|Year : 2020 | Volume
| Issue : 12 | Page : 1007-1011
Evaluation of ultrasound-guided quadratus lumborum block for post-operative analgesia in unilateral laparoscopic renal surgeries – A randomised controlled trial
Rajagopalan Venkatraman, Ravi Saravanan, Koka Vatsalya Mohana, Anand Pushparani
Department of Anaesthesiology, SRM Medical College Hospital and Research Institute, Chennai, Tami Nadu, India
|Date of Submission||24-Apr-2020|
|Date of Decision||02-Jun-2020|
|Date of Acceptance||12-Jul-2020|
|Date of Web Publication||12-Dec-2020|
Dr. Ravi Saravanan
Department of Anaesthesiology, SRM Medical College Hospital and Research Institute, Chennai, Tami Nadu
Source of Support: None, Conflict of Interest: None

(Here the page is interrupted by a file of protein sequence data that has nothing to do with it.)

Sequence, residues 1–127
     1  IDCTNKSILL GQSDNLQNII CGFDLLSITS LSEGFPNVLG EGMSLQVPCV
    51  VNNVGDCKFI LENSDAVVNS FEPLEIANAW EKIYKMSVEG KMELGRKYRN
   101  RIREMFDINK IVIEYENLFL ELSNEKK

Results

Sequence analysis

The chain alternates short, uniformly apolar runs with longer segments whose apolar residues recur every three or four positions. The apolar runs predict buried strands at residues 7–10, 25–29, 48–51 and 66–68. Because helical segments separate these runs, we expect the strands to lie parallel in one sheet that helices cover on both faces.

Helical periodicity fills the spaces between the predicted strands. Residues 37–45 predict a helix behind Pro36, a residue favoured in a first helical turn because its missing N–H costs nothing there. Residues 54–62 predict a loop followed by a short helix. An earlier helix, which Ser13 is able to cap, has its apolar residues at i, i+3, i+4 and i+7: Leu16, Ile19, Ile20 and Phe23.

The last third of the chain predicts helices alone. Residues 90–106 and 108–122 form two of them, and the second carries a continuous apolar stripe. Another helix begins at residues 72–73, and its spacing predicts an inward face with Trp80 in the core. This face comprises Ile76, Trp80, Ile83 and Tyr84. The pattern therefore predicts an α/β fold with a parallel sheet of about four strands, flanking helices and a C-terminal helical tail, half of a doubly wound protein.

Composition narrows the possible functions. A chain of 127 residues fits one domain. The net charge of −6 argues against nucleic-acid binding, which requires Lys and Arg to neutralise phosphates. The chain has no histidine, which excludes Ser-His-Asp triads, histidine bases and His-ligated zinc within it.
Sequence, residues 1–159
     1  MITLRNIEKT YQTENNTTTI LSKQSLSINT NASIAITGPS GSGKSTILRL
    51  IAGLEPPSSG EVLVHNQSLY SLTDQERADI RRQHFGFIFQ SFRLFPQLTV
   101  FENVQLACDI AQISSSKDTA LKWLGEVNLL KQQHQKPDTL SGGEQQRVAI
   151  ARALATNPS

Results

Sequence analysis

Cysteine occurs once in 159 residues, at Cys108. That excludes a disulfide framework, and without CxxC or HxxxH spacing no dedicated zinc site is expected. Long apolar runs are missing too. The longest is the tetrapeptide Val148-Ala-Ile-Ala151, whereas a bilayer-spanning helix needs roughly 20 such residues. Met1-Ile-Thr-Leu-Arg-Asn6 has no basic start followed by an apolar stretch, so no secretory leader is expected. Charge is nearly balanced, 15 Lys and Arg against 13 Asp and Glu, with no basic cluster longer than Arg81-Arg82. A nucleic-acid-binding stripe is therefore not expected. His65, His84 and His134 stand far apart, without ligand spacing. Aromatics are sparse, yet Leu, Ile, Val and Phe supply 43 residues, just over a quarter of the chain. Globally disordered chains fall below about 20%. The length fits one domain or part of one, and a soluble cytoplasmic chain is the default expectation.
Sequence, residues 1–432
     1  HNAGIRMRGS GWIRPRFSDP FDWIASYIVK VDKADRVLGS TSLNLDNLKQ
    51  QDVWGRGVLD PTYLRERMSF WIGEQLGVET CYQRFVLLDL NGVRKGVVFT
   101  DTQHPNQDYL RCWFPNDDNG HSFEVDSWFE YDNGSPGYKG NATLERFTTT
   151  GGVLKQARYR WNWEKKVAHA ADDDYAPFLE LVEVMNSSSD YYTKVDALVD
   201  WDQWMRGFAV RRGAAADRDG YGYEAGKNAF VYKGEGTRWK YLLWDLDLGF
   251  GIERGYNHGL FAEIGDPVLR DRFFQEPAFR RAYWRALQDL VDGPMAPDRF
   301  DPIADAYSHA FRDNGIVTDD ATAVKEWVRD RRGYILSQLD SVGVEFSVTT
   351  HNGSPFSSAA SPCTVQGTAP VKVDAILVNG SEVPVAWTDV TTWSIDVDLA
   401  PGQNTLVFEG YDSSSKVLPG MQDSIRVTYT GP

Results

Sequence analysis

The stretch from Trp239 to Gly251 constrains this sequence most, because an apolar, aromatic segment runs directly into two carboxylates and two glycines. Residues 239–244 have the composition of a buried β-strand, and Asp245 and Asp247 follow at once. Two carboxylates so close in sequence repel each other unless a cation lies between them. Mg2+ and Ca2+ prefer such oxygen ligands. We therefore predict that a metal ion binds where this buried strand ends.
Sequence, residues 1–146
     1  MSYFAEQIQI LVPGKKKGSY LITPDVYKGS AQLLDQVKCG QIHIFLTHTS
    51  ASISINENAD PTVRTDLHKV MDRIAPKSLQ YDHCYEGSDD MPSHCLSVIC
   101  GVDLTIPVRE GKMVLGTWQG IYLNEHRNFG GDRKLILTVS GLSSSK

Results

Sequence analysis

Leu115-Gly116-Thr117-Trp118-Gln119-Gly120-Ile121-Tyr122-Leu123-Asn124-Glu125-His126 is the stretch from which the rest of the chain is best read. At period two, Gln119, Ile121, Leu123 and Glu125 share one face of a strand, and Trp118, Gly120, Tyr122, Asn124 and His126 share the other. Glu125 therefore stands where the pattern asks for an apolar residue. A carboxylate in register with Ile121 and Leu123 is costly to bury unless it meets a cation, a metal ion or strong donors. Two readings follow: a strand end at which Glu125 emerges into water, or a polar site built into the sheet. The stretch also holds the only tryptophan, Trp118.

Background and Aims: Quadratus lumborum block (QLB) is a novel anaesthetic technique for abdominal wall block providing excellent post-operative analgesia. The primary objective of this study was to evaluate the duration of post-operative analgesia with QLB in unilateral laparoscopic renal surgeries. The secondary objectives were to assess total morphine consumption during the first 24 h postoperatively and observe for complications. Methods: Sixty patients undergoing unilateral laparoscopic renal surgeries were randomly divided into two groups, with patients receiving QLB (Group A) or no block (Group B) at the end of surgery. General anaesthesia was standardised in both the groups. The pain was assessed by a Visual Analogue Scale (VAS) of 1–10. The duration of analgesia was taken as time from extubation to VAS of ≥3. Morphine was administered in patient-controlled analgesia pump with a bolus of 1 mg and a lockout interval of 10 min (min). The total morphine consumption was recorded. The statistical analysis was performed with the Student's t-test and Chi-square test. Results: The duration of post-operative analgesia was significantly prolonged in Group A (1288 ± 288.92 min) than Group B (138 ± 54.92 min). Morphine consumption was also less in Group A (3.1 ± 0.87 mg) than Group B (10.46 ± 1.8 mg). There was a significant difference in the VAS score from 16 to 20 h. No complications were recorded. Conclusions: Ultrasound-guided QLB after laparoscopic renal surgery is safer to perform, effective with an increased post-operative duration of analgesia, reduces the consumption of opioids and is associated with fewer side effects.